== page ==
- Polished: Polished brass is the shiny, mirror-like gold finish popular in the ‘80s and ‘90s. Though easy to clean, polished brass shows every fingerprint and water spot. Include polished brass fixtures sparingly, if at all.
- Antiqued and weathered: Antiqued or weathered brass is manufactured to look like aged, unpolished brass. The finish is primarily brown with hints of gold.
Selling? Think twice before swapping to brass
Swapping out old hardware for new brass styles is an easy way to bring your home up to date. But are brass fixtures a smart choice if you’re selling your home? Consider these factors before making the switch.
Browse local home listings online to see if brass is trending in your market
Flip through online listings of homes for sale in your area. Do you see brass fixtures and hardware in the interior photos? If you don’t, you may want to stick to black or chrome fixtures.
“So much of it really is exposure. Has the buyer been exposed to this trend?” comments Wendy Turner, a top real estate agent who sells homes 14% faster than the average agent in Greenville, SC. The more familiar buyers are with the latest brass wave, the more likely they will embrace the golden finish.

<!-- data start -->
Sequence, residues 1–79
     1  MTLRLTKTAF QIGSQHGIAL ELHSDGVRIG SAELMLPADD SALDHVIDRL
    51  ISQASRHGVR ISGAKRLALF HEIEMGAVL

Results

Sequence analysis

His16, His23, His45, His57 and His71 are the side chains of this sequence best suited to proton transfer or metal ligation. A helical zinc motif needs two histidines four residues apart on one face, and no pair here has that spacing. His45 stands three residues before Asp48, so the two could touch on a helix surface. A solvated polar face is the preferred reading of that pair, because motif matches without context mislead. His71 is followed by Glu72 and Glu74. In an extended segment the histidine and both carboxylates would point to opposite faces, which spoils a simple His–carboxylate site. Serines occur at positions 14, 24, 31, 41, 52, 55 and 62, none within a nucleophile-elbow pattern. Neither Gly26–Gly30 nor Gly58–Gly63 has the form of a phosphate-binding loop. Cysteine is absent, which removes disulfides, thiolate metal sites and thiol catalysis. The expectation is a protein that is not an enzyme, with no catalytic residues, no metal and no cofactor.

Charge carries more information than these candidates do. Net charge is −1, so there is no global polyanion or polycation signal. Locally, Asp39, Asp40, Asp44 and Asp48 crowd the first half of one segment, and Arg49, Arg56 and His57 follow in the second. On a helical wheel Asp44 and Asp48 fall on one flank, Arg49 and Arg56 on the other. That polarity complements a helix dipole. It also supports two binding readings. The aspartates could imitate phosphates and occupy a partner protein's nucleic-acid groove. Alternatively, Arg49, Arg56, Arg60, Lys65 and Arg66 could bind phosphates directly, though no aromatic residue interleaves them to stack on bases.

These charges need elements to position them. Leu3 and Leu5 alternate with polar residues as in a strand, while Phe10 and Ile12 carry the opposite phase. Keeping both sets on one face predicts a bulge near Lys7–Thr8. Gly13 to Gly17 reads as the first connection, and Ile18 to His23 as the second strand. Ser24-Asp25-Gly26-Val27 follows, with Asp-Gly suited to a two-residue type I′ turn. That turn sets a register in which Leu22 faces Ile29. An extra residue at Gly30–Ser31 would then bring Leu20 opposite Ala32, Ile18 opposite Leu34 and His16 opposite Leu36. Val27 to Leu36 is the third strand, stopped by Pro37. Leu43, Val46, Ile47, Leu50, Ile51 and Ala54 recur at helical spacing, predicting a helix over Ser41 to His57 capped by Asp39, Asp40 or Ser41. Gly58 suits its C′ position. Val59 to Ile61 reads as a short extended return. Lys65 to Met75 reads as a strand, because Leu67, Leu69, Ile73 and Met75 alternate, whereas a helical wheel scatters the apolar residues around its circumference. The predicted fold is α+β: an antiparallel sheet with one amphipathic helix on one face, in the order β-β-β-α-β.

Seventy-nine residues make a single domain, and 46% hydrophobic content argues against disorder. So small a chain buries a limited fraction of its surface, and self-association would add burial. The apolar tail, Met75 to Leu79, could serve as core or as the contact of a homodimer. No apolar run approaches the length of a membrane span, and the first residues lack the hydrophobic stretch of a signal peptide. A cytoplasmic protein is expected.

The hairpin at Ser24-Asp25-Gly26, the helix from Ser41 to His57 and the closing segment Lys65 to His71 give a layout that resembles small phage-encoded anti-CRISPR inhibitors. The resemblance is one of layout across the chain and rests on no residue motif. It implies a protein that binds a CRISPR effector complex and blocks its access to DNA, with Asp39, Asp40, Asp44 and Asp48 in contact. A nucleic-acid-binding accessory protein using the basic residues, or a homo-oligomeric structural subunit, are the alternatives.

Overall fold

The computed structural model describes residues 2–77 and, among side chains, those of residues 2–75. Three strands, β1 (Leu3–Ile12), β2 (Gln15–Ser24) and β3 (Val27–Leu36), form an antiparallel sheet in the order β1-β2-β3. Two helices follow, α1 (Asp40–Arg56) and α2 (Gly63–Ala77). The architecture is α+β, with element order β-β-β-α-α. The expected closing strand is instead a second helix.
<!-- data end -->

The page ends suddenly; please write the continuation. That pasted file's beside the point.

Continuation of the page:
Consider your home’s architectural style
Your home’s architectural style may also make or break your decision to purchase brass fixtures. While brass fixtures suit a stately Victorian or Craftsman bungalow, the same fixtures would look out of place in a Mission Revival home where buyers expect to see black and iron fixtures.
Brass is in style, but all trends come and go
Brass is one of today’s most popular finishes, but there’s no telling how long this trend will continue. Top real estate agent Mary Stewart warns homeowners to approach any fixture trend with caution for this reason.
“I went through my whole house and painted everything oil-rubbed bronze — all the knobs, all the doorknobs, all the light switch plate covers. And now it’s out of style, and I’m sorry I did it,” shares Stewart who works with 82% more single-family homes than the average agent in Sugar Land, TX.
If you’re not planning to sell right away, choose fixtures that speak to you and spark joy, not because they’re on a design influencer’s must-have list. And whether you choose brass or a different finish, prepare to switch styles again in 10 to 15 years, when a new fixture trend is bound to emerge.
Header Image Source: (Chastity Cortijo / Unsplash)